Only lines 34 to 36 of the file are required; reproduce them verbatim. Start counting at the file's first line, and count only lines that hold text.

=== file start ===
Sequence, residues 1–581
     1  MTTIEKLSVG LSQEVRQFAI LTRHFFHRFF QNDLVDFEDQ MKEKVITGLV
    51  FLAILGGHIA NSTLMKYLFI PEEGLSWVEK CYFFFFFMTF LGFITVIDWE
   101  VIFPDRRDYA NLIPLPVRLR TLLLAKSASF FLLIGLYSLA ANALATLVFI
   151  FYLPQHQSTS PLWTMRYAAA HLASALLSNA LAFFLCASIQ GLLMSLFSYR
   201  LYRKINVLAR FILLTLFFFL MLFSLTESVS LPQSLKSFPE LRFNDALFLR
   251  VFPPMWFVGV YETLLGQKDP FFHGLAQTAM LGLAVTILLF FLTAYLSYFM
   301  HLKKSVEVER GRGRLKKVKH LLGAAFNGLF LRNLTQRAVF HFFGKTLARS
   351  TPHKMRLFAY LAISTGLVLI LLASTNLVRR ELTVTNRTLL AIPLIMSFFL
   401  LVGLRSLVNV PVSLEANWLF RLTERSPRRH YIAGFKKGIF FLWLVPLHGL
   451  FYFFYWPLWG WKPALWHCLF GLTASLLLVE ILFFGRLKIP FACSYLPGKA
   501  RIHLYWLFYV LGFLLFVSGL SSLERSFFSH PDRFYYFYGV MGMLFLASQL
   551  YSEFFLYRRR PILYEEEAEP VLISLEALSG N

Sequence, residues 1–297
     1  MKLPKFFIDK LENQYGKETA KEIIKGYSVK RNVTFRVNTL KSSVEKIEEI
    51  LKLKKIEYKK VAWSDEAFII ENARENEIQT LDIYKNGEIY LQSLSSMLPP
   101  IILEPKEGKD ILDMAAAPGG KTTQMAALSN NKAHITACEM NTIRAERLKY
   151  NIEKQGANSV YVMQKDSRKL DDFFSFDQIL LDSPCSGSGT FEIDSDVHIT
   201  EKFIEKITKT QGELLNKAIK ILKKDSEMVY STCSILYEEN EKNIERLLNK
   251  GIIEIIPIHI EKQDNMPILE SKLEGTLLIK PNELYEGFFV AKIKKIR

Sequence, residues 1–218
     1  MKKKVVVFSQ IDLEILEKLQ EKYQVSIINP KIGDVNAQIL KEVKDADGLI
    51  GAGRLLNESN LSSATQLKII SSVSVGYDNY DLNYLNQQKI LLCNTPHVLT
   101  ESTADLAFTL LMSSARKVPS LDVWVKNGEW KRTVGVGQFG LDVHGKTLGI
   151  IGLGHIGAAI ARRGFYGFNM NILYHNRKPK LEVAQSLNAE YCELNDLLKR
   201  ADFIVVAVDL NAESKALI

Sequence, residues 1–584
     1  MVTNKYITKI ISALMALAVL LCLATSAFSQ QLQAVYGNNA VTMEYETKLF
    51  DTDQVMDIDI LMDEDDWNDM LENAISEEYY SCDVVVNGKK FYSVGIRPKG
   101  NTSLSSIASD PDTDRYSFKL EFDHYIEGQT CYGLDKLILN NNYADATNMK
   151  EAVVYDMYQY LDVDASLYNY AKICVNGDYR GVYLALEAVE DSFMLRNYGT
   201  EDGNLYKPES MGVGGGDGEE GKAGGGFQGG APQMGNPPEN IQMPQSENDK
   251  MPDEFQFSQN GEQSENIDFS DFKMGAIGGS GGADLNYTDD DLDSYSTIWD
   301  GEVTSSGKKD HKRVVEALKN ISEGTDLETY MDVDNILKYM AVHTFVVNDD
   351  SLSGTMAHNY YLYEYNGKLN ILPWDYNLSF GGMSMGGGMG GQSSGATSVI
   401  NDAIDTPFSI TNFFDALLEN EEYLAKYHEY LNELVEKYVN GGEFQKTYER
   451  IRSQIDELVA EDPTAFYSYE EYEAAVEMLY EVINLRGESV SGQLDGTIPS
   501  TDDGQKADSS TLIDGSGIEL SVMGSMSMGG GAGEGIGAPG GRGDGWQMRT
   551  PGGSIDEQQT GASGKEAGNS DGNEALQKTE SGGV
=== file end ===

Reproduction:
   301  GEVTSSGKKD HKRVVEALKN ISEGTDLETY MDVDNILKYM AVHTFVVNDD
   351  SLSGTMAHNY YLYEYNGKLN ILPWDYNLSF GGMSMGGGMG GQSSGATSVI
   401  NDAIDTPFSI TNFFDALLEN EEYLAKYHEY LNELVEKYVN GGEFQKTYER